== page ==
Vybz Kartel remains a critical cultural touchstone for…

iamvybzkartel
It has been almost five years since the artiste Adidja “Vybz Kartel” Palmer was arrested, and two years since he was convicted, and yet he continues to top local charts while maintaining his presence in international music. More importantly, he remains a critical cultural touchstone for the youth who listen to his music.

Why is this?

It is my opinion that this is so because he says what the youth feel in their heart but are afraid to say, or don’t have the platform to speak on.

As it relates to social issues, no artiste as popular as Vybz Kartel, in a long time, can boast as lengthy a catalogue of ‘conscious tunes’. This may come as a shock to many who are not acquainted with dancehall music, but he speaks consciously at times.

He continually calls for educating those living in squalor, calls for free managed health care and education. He highlights the plight of nurses, teachers and all the oppressed as seen in his book, while shining a light on how the nation reached the depths we are at now. In short, he says out loud what many have been saying quietly for years about the country.

We then hit upon his more crass side, his ‘gyal tunes’. A lot of his songs can be called nothing short of lewd, others would go so far as to say offensive even, but why sing them? The answer is simple, that’s how people interact with one another nowadays. How many times have we heard people on the street make utter sentences that would make a sailor blush? How many times do we hear women openly endorsing ‘slackness’? What’s more, this type of music is nothing new, just review Prince Buster’s song list from the 60s for proof.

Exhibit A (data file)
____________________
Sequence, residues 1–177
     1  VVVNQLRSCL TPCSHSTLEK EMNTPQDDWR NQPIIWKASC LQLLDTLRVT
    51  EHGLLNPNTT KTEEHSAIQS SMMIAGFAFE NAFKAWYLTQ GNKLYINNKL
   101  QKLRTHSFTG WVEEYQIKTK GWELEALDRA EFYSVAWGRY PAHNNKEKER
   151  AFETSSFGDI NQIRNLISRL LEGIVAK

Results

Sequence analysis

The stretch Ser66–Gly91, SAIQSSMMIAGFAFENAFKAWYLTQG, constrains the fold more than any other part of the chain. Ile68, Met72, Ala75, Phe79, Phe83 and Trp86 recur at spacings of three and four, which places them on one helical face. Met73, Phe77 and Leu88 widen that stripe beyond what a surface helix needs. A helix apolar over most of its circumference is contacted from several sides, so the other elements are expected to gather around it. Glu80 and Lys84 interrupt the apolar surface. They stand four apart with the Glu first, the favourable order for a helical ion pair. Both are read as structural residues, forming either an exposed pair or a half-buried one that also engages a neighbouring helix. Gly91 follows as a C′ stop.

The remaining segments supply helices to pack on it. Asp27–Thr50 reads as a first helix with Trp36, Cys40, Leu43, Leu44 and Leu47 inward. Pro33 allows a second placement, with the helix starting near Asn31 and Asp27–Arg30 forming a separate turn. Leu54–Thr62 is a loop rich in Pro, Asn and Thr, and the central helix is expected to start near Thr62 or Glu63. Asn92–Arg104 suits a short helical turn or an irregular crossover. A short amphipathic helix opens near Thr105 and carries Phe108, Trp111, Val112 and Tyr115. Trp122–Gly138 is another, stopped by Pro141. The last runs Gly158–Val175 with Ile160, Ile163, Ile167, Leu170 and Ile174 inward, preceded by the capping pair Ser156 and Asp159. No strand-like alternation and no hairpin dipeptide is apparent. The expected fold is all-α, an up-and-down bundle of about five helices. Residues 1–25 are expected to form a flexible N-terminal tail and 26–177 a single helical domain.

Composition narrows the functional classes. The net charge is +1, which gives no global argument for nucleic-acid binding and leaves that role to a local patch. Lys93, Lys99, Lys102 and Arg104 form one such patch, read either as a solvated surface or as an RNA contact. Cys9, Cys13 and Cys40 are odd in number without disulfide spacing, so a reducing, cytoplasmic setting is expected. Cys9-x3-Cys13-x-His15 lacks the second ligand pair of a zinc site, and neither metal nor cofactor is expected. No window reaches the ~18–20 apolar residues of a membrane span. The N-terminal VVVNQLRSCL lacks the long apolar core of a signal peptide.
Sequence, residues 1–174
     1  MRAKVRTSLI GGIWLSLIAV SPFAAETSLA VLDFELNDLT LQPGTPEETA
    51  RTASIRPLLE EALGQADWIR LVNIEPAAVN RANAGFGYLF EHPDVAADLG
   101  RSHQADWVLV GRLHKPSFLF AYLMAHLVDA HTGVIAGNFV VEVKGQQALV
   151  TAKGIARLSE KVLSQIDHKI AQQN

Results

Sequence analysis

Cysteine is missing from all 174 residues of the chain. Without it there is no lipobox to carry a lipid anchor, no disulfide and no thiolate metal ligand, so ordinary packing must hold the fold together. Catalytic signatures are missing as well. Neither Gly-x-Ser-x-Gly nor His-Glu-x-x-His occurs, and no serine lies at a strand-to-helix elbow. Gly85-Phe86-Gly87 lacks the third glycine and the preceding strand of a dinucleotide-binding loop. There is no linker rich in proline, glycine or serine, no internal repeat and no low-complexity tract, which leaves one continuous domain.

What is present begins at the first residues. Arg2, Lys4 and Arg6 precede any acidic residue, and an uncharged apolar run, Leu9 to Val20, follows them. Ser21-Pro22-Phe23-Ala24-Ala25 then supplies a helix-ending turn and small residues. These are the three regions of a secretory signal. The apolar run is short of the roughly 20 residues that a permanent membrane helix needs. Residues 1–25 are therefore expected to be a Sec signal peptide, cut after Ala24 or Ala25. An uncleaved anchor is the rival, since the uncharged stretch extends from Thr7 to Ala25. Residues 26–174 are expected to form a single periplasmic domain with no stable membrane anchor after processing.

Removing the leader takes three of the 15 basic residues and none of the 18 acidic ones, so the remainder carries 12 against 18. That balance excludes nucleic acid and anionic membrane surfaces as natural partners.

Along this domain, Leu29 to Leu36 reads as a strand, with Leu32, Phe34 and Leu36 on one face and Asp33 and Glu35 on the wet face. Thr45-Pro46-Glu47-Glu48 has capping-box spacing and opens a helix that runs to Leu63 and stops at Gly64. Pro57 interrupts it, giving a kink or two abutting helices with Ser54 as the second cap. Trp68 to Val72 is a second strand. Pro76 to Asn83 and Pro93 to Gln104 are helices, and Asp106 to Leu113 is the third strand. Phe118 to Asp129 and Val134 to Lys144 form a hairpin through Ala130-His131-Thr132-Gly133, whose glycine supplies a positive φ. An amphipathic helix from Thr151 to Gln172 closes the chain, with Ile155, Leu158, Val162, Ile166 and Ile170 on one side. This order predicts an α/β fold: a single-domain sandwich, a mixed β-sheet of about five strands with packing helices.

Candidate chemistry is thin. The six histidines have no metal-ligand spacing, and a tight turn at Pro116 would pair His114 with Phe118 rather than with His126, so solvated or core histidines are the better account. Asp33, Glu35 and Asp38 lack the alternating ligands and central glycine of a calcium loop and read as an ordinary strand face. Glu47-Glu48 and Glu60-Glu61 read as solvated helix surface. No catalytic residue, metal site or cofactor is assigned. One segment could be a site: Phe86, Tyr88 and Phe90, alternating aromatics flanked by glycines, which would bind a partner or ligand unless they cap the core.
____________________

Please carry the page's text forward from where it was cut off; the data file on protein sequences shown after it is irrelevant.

Then we hit out against his hugely popular ‘gangster tunes’. Again the answer as to why they are popular is staring us in the face. We are a traumatised people, from slavery to crown colony to independent people. Violence has been with us every step of the way. Not only have we idealised the gangster life (something first begun in the 70s), the gangster is seen to embody all things, protector, breadwinner, patron, and Robin Hood. This is what much of the youth aspire to and that’s why those songs are huge hits.

In short, Vybz Kartel remains influential because he continues to be everything to everybody. He represents the underclass and dispossessed, he represents for the ‘gyalis’ and he also represents for the gangster.

He does this at times with witty lyrics and at other times with words that feel like a sledgehammer on the ear. He can be soft, yet brutal. He is, in my opinion, the embodiment of the Jamaican experience thus far, incredibly brilliant, yet patently insane. Love him or loathe him, he is the voice of a generation.

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